¿Hasta cuaaaando ya?: A lesson in Chilean slang

When I arrived in Chile three months ago, people’s stories were a lot wilder than they are now. One day at lunch, for example, I learned there’s a two-week period every August where Venezuelans take to the street and eat banana Jello, and I considered making a trip.

As I’ve grown more accustomed to the language, the stories have calmed down a bit and have started to make more sense. But to understand them completely, it helps to recognize the slang that peppers most every Chilean sentence.

Here’s a quick guide to the Chilean slang I’ve picked up on so far:
Al tiro — Immediately
Bacán — Cool!
¿Cachai? — Get it?
Carrete — Party
Fome — Boring
Guagua — Baby
Guata — Belly
Huevón(a) — Buddy, Dude, Man, Jerk or Asshole, depending on the context.
Often added to the end of a sentence to indicate familiarity.
La onda — Attitude, mood, character of person.
As in “Ella es buena onda” or “She’s got a good vibe.”
La pega — Work, Job
Pololo(a) — Boyfriend/Girlfriend
Po — Well
Short for “pues.” Added onto the end of many sentences and phrases.
As in “Sí po” or “No po.”
Ponte las pilas
— Go for it! Try harder!
Literally “Put your batteries in.”
La raja — Excellent, Cool, The shit
El tuto — Sleepiness (in a cute sense)
As in “Tengo tuto” or “I’m sleepy,” and “Voy a hacer tuto” or “I’m going to take a nap.”
Wea — That shit
As in “Esa wea no funciona” or “That shit doesn’t work,” and “Esa wea está mala” or “That shit is bad.”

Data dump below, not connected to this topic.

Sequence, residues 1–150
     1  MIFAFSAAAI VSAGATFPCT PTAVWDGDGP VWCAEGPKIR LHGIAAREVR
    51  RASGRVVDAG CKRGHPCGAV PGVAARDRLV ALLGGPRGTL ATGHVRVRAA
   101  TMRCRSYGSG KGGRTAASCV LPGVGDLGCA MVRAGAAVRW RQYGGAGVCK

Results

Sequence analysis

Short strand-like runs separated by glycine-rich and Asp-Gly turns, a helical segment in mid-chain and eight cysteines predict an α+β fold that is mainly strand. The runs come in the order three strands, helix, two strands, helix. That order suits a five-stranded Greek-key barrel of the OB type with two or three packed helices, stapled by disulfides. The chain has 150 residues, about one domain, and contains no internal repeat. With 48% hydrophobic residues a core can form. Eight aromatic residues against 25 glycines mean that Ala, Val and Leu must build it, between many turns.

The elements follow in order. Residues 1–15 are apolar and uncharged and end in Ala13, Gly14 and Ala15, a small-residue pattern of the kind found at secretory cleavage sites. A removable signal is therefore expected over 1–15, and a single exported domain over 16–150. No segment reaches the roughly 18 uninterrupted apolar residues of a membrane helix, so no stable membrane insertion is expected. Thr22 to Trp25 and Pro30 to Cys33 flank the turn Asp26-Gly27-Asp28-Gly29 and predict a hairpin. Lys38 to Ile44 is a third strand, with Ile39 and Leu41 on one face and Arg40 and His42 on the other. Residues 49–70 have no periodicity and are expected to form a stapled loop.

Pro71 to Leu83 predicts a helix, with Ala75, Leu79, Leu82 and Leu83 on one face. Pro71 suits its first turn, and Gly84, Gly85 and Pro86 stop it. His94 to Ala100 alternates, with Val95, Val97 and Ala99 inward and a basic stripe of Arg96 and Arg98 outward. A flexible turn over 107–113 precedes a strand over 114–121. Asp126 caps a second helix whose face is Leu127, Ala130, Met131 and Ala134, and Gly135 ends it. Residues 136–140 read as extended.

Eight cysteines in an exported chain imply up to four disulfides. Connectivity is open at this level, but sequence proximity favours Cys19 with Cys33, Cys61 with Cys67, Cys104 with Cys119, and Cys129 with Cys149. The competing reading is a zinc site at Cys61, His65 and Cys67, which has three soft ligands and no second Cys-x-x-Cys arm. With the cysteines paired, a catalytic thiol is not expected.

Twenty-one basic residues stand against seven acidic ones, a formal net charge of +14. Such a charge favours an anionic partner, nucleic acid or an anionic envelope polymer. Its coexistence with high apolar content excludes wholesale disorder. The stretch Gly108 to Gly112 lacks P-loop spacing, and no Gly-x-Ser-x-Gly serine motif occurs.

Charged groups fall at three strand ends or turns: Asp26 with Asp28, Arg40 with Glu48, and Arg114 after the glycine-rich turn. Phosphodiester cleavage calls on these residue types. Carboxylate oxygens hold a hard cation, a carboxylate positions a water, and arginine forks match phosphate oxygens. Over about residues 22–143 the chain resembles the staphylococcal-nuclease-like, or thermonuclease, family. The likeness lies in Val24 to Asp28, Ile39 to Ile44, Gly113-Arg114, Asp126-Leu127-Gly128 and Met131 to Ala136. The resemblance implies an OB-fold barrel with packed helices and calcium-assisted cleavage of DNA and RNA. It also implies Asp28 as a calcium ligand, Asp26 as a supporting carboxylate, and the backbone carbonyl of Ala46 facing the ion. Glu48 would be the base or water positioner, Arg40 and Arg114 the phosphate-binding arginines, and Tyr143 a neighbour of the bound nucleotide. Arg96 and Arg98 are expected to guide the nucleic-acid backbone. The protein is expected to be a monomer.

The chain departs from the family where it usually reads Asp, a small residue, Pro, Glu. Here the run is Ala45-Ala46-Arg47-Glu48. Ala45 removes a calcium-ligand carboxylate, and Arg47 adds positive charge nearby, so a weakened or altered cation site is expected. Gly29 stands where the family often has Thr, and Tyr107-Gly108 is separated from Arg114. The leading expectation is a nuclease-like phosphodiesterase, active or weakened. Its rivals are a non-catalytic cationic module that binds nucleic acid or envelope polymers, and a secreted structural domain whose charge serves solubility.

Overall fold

A separate slang culture, mainly driven by the baqueanos (Chilean cowboys), has developed within the park. Here a few phrases you need to get around here:
Meh — A sound used to express surprise or disbelief
Vamos, VAAAAH-mos — Let’s go, leeeeet’s go.
Shouted as loud as possible, often by a baqueano, a guide or me, when prodded
¿Hasta cuaaaando, yaaaa? — When’s it gonna stop?
Literally, “Until when, already?”
Uttered with a nasally voice in fake annoyance

There you have it. Consider yourself Chilean.

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One Response to “¿Hasta cuaaaando ya?: A lesson in Chilean slang”

  1. MarK Says:

    Thanks for sharing!

    The Chileans have a distinctive way of addressing “you” (singular).

    All you need to do is look at the conjugation of “vosotros” used in Spain.
    1. For -ÁIS (or -AIS) you just drop the final -S.
    2. -ÉIS and -ÍS are merged to -ÍS with the final -S aspirated so that it sounds more like -ÍH.

    Examples:

    Spain:
    [tú]
    andas, andabas, anduvieras, andarías, comías, comieras, comerías, venías, vinieras, vendrías
    [vosotros]
    andáis, andabais, anduvierais, andaríais, comíais, comierais, comeríais, veníais, vinierais, vendríais
    CHILE:
    [tú/vos/voh]
    andái, andabai, anduvierai, andaríai, comíai, comierai, comeríai, veníai, vinierai, vendríai

    Spain:
    [tú]
    que comas, que vengas, No comas!, No vengas!
    [vosotros]
    que comáis, que vengáis, No comáis!, No vengáis!
    CHILE:
    [tú/vos/voh]
    que comái, que vengái, No comái!, No vengái!

    Spain:
    [tú]
    comes, vienes
    [vosotros]
    coméis, venís
    CHILE:
    [tú/vos/voh]
    comís, venís

    Spain:
    [tú]
    que andes, No andes!
    [vosotros]
    que andéis, No andéis!
    CHILE:
    [tú/vos/voh]
    que andís, No andís!

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